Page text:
UFC 91: "Couture vs. Lesnar" took place earlier this evening live on pay-per-view (PPV) from the MGM Grand Garden Arena in Las Vegas, Nevada.
And, believe it or not, Brock Lesnar is now the new UFC heavyweight champion of the world. Die hard MMA fans across the nation more than likely all collectively vomited in their mouths with the result ... even though heading into the "biggest fight in UFC history" it was a very real possibility.
The highly anticipated bout started off with Couture weathering the typical Lesnar early blitz and keeping it under control. "Captain America" appeared to have a handle on things, despite being smothered by the behemoth for much of the opening frame.
In fact, he tested the suspect chin of Lesnar with some nice clean shots, but the former NCAA collegiate wrestling champion stood his ground like a rooted Oak tree. The first round ended with the two clinched against the cage after Couture escaped from the bottom -- he was even working for the takedown before the horn sounded.
Round two began much like the first.
Lesnar, however, soon landed a nice standing elbow that wobbled the 45-year-old Hall of Famer. Couture recovered quick and eventually cracked Lesnar, opening up a cut above his right eye. But the tide shifted quickly when one of Lesnar's lunch box-sized meat hooks caught "The Natural" behind the left ear.
Couture dropped and Lesnar pounced, unleashing a barrage of hammer fists and thundering forearms on the head of the champion. He was clearly hurt bad and it was only a matter of time before the referee waived off the action.
Yikes ... talk about a stepping stone.
Lesnar -- a former WWE wrestling super star -- has now advanced to the final round of the mini four-man heavyweight tournament put together to determine an undisputed division champion. He will face the winner of the bout between interim heavyweight champion Antonio Rodrigo "Minotauro" Noguiera and Frank Mir, who are set to collide at UFC 92: "The Ultimate 2008" on December 27.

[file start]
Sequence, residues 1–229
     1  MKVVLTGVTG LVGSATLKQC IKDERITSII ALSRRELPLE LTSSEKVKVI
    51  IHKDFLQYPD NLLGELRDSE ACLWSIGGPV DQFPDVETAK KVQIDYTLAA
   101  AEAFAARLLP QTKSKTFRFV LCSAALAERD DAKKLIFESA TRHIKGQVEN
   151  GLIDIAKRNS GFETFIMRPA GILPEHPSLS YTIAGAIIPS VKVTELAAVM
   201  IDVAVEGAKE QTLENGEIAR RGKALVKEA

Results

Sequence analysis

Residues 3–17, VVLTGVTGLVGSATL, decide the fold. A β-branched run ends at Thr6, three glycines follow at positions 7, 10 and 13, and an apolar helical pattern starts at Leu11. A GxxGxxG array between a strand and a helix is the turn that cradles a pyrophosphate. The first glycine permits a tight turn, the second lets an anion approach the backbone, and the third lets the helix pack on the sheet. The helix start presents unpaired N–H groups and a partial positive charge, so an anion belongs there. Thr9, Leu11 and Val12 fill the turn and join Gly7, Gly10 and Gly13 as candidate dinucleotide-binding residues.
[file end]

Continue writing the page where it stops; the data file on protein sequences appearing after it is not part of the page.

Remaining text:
Couture's future is not so certain. He came in at a svelte 220 pounds, which is light for the heavyweight division. Whether or not that was by design to counter the bigger and presumably slower Lesnar doesn't mean much right now.
He has two fights remaining on his contract. And there does not seem to be much for him at the heavyweight class in terms of maximizing his drawing power while it lasts. He's not getting any younger, so it makes sense for him to get back in the Octagon sooner rather than later.
Couture is a former light heavyweight champion. He can make the weight. And there are better history-making fights for him there than at heavyweight at this time. And what better way to make some history, and some big money, than matching him up against middleweight champion Anderson Silva in another 205-pound special.
That's a fight that makes sense ... or is it cents?
Lightweights Kenny Florian and Joe Stevenson hooked 'em up in the co featured bout of the evening for the right to challenge division champion BJ Penn next. UFC President Dana White upped the ante in the days leading up to the showdown with a title shot berth on the line.
Florian has reinvented himself in the past year or so as a Muay Thai specialist, adding to his bread and butter, which is is the jiu-jitsu game. Stevenson perhaps didn't take note. "Daddy" -- who has some great stand up of his own -- seemed intent on taking the fight to the ground.
Be careful for what you wish for. Or in this case, the gameplan that you implement.
"Daddy" took the fight to the ground, but it was Florian who did damage from the position. He was able to quickly reverse and secure full mount, putting Stevenson on the defensive. Stevenson scrambled to escape and made a fatal error, trying to get to his feet and outstretching his arms to climb up the cage.
The momentary lapse enabled Florian to easily sink in a fight-ending rear naked choke. Stevenson was tapping with about a minute left in the first round and Florian racing around the cage in victory.